I’m sharing 8 ideas I’m absolutely loving at the moment. They all look amazingly expensive and glam and have me all excited to visit the wonderful land of Ikea this weekend!

  1. Such a simple idea and who knew these chairs could look so amazing? Style Me Pretty has nailed it on this chair makeover

  2. Last year I spent forever brainstorming ways I could make a long ottoman for the end of my bed, but nothing was quite right, but this project by Dwellings by DeVore is so spot on I am definitely giving it a go.

  3. This reclaimed wood buffet cabinet by Place of My Taste is my all time favourite Ikea hack I think. You would never know it was just a plain cabinet before and what an easy project!

  4. I would never think to paint a chair cobalt blue but after seeing how gorgeous this office chair turned out from Style Me Pretty I’m dying to paint something blue now!

  5. Doesn’t get much simpler than putting a tree stump on a stool base as SeaKettle has done, and the result is just so good.

  6. For a simple vintage industrial look at some faux card catalog details to the front of a cabinet – genius! This gorgeous project can be found on Windgate Lane. 

  7. A really easy shelving idea from Lay Baby Lay which looks uber glam.

  8. Mandy from Vintage Revivals is kind of the queen of awesome mid-century modern style DIYs and this dresser has to be one of my faves. Love a peach and gold combo!

Which is your fave?

Fiona x

STRAWBERRY HOT WATER BOTTLE COVER

DIY Strawberry Hot Water Bottle Cover

It is getting COLLLD down here in Sydney. Isn’t it amazing how quickly things can go from lovely warm sunny days to bam, it’s freezing, wear a coat or your limbs might fall off. But it’s not all bad. If you’re anything like me it means plenty of down time indoors, with a coffee in hand, TV on, wrapped in a blanket.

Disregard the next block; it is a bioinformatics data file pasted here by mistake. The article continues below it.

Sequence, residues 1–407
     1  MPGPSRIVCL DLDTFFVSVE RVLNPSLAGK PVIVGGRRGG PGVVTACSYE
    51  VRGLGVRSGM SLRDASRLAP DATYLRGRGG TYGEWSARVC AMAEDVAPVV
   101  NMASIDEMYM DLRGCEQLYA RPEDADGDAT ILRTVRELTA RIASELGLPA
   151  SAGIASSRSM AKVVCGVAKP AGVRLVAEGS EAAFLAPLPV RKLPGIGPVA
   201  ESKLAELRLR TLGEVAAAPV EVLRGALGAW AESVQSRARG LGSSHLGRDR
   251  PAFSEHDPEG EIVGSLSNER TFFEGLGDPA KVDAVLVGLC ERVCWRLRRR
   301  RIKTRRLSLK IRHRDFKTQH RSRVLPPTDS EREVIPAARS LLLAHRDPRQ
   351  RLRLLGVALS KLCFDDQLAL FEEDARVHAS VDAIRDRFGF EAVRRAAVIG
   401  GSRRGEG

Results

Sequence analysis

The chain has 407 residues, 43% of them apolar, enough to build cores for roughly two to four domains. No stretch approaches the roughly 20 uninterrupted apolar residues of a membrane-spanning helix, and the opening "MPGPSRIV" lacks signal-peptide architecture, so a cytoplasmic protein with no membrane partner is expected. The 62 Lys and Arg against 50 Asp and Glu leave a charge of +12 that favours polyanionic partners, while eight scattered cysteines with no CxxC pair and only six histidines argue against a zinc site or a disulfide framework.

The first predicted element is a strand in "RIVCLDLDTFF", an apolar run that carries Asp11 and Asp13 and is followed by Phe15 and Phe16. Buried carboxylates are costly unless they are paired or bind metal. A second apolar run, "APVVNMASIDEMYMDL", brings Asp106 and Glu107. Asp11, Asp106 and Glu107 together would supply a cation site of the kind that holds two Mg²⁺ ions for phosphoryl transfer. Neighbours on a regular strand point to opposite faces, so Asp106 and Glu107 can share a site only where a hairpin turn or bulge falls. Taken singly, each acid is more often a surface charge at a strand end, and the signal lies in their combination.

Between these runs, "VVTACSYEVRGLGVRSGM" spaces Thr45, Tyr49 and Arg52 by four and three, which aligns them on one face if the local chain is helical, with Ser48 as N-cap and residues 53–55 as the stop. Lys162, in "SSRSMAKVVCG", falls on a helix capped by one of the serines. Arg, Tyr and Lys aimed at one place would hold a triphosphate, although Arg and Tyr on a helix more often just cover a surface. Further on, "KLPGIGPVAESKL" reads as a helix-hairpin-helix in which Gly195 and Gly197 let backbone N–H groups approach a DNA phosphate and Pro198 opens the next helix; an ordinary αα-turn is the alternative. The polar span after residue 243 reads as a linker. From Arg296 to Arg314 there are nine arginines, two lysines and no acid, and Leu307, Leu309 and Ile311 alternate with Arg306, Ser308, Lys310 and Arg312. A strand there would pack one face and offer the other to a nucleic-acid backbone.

With snug days in mind I decided it was time to make hot water bottles cool again. Sure, they are a bit daggy and not the most efficient way to get cosy, but when you transform them to be a giant piece of fruit, how can you resist it’s cuddly charm?! Would make for a fun gift idea for a family member too.

I found a thick red dish mat in The Reject Shop the other day and it’s so soft and squishy I couldn’t wait to transform it into a giant fruity delight. A couple of minutes on the sewing machine later and this happy fellow is ready to keep you cosy on the couch.

Are you a hot water bottle person??

Fiona x

SUPPLIES-BAR

  • Thick material or bath mat
  • White material for the seeds
  • Sewing machine or needle and thread
  • Scissors
  • Green hot water bottle

GET-YOUR-CRAFT-ON

It’s super simple. Lay down your hot water bottle onto your red fabric and cut a strawberry shape, leaving a couple of cm room for sewing.

Now cut a 2nd piece using your 1st as a template.

diy-hot-water-bottle

If you’re using a bath mat like me, put the hemmed edge at the top so you don’t have to re-hem it. If you’re using regular fabric, fold over the top of your strawberry shape and sew across to give it a neat hem.

Place your two berry shapes together, good side facing in, and sew around the edges with your sewing machine. I did a tight zig zag stitch to keep it nice and secure. If your fabric is as thick as mine it may need to be pulled through the sewing machine as you go but just be a little tough with it and you’ll get there.

diy-hot-waterbottle-2diy-hot-water-bottle-cover-3

Fold your strawberry right side out. Now to attach some seeds! Just cut out some tear drop shapes from some white fabric or tea towel like mine, and hand stitch them in place with a couple of quick stitches.

All done!

DIY strawberry hot water bottle cover